7. Miss Bracken relied on the grounds of appeal and submitted that the Adjudicator had not specified what objective evidence she was relying on. She should not have referred to website information without specifying the source. It was clear from paragraph 6.80 that the appellant came from a majority clan. The Hawiye indeed dominated the militia – see paragraph 6.83. The Hawiye controlled much of the territory in south and central Somalia – see paragraph 6.84 of the country assessment. All references are to the October 2003 assessment. The appellant could seek protection from her own clan.

8. The Adjudicator had not applied the appropriate test of insurmountable obstacles. It was clear from Mahmood that the fact that there was a degree of hardship did not make good an Article 8 claim. It was speculative to say that the appellant would be at risk.

9. Mr Bradegan submitted that the Adjudicator’s findings were clear and sustainable. The appellant had been persecuted in the past by reason of her ethnicity. The appellant’s evidence had been accepted. Members of a rival clan had attacked the appellant’s village. An attempt had been made to rape the appellant. We pointed out to Mr Bradegan that the appellant attributed her problems to in-fighting between the Darood clan and the Hawiye clan. She also referred to her clan as being a large clan – it was not suggested that she suffered because of membership of sub clan.

10. Mr Bradegan submitted that the appellant was a member of sub clan, in minority who could not seek protection. Mr Bradegan referred to written submissions that had been made under cover of a fax dated 11 June 2003. The appellant would face hardship on return as a single woman. There was a risk of rape as appeared from paragraph 6.8 of the country assessment. While the Adjudicator had used the words insurmountable hardship there was no difference between that and insurmountable obstacles. It had been suggested in the grounds of appeal that the appellant could apply from overseas to re-join her family but this was unrealistic as there was no Embassy with the facilities for making an application and it was unclear how she could come within any rule as the children were not settled in the United Kingdom. The son would be unlikely to be removed until he reached 18 and he would then have been in the United Kingdom for 10 years. The family would get the benefit of one policy or another and that should be taken into account.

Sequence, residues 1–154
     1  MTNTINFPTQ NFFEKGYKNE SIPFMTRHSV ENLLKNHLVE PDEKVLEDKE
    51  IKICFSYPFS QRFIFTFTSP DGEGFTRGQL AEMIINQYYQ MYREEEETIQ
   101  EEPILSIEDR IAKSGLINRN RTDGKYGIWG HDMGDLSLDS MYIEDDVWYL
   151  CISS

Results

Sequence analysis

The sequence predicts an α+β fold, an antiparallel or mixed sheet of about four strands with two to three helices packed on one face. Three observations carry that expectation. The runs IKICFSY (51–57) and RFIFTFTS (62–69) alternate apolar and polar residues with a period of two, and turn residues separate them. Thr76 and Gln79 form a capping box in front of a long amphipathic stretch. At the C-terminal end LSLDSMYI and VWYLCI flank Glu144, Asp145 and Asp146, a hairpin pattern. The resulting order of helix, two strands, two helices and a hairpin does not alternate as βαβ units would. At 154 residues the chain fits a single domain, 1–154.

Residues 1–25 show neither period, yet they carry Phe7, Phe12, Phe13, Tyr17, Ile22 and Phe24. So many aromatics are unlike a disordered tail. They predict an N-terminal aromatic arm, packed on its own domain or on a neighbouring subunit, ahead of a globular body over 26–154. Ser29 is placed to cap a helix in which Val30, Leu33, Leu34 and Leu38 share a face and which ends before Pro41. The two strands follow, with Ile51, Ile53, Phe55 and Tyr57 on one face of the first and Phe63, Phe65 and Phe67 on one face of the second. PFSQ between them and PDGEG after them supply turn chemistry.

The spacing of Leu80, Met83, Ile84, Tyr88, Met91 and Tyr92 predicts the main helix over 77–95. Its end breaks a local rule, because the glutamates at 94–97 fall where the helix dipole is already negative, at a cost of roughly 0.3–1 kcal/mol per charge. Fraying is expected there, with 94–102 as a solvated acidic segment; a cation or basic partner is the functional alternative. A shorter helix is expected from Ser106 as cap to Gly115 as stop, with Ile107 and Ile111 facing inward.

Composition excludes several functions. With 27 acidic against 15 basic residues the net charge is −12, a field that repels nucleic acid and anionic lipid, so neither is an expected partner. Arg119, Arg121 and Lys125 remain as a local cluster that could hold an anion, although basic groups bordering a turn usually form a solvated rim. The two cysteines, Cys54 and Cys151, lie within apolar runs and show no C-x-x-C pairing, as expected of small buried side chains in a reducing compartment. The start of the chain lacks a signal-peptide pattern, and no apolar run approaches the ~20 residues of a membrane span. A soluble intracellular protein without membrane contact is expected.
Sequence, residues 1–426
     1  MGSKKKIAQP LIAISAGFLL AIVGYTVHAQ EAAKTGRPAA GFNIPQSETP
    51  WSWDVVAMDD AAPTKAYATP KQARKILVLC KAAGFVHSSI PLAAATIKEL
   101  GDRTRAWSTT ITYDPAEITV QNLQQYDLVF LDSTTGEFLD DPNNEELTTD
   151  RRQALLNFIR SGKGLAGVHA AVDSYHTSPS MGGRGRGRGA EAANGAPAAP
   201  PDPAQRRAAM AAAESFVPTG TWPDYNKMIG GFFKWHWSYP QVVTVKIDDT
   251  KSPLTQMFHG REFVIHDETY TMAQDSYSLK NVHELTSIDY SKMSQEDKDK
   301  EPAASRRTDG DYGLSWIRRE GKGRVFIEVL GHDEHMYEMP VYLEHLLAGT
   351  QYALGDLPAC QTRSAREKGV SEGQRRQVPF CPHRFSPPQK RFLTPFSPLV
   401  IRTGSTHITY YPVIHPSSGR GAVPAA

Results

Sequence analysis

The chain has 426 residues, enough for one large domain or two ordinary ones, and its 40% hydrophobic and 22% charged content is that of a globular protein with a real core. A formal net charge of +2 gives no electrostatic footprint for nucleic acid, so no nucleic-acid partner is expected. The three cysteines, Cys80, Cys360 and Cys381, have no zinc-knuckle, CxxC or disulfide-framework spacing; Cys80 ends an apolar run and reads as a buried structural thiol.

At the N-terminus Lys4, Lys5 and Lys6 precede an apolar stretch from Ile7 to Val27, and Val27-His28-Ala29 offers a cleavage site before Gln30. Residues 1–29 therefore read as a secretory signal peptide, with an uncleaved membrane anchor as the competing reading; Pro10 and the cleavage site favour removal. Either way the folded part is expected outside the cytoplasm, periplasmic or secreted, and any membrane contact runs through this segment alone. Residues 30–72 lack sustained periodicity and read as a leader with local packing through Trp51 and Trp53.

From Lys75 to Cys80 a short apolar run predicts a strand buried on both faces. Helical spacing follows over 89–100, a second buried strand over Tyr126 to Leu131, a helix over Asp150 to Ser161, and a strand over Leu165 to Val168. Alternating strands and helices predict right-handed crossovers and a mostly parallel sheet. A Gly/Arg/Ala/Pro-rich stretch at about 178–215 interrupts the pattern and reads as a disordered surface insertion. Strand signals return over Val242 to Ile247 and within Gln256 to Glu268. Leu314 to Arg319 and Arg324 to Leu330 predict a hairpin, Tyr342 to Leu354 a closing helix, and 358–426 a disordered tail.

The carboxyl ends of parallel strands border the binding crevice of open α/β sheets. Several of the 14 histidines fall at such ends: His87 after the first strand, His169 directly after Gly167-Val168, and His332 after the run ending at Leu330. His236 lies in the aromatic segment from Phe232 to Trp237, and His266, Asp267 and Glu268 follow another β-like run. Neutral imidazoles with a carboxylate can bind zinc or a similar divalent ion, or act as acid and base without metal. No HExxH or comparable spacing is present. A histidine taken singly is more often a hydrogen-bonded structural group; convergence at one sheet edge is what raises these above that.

11. The appellant would be exposed to inhuman or degrading treatment on return and had suffered an attempted rape in the past. There was continuing violence. Reference was made to the appellant’s bundle to indicate the problems in Somalia. The infrastructure was extremely poor and the human rights situation was also poor.

12. In reply Miss Bracken submitted that the Abgal (Hawiye) clan dominated the region North of Mogadishu: see paragraph 5.14 of the Home Office Country Information Report. The transitional national government had control over some areas of Mogadishu where its official ministries were located and also had some authority outside the capital and the transitional national government leaders were all highly dependent on a cartel partly comprised of Abgal businessmen: see paragraph 5.10 of the country assessment. There was no reason why the appellant should not be protected by her own clan and she had stated before the Adjudicator that it was common knowledge that the clan of Abgal was a large clan (see paragraph 8 of the determination).

13. It was said that the appellant was at risk of rape. These rapes had largely been committed by militia members: see paragraph 6.8 of the assessment. As the militia were largely Hawiye the appellant would be unlikely to be at risk.

14. The family had been granted exceptional leave to remain in the past because that was the Secretary of State’s policy. Now it was not the policy and leave was granted on a case by case basis. There was nothing to prevent the family returning with the appellant if they wished. While the appellant had sisters in the United Kingdom there was nothing to suggest that there was more than the usual bond between siblings between them. The family could apply under the 10 year rule later in so far as that rule might apply to them in the future. There were no insurmountable obstacles preventing the appellant’s return. There might be a degree of hardship but that was not sufficient. In any event, the Adjudicator had misdirected herself in relation to the objective material. The appellant was not a member of a minority clan. The Adjudicator’s decision should be reversed.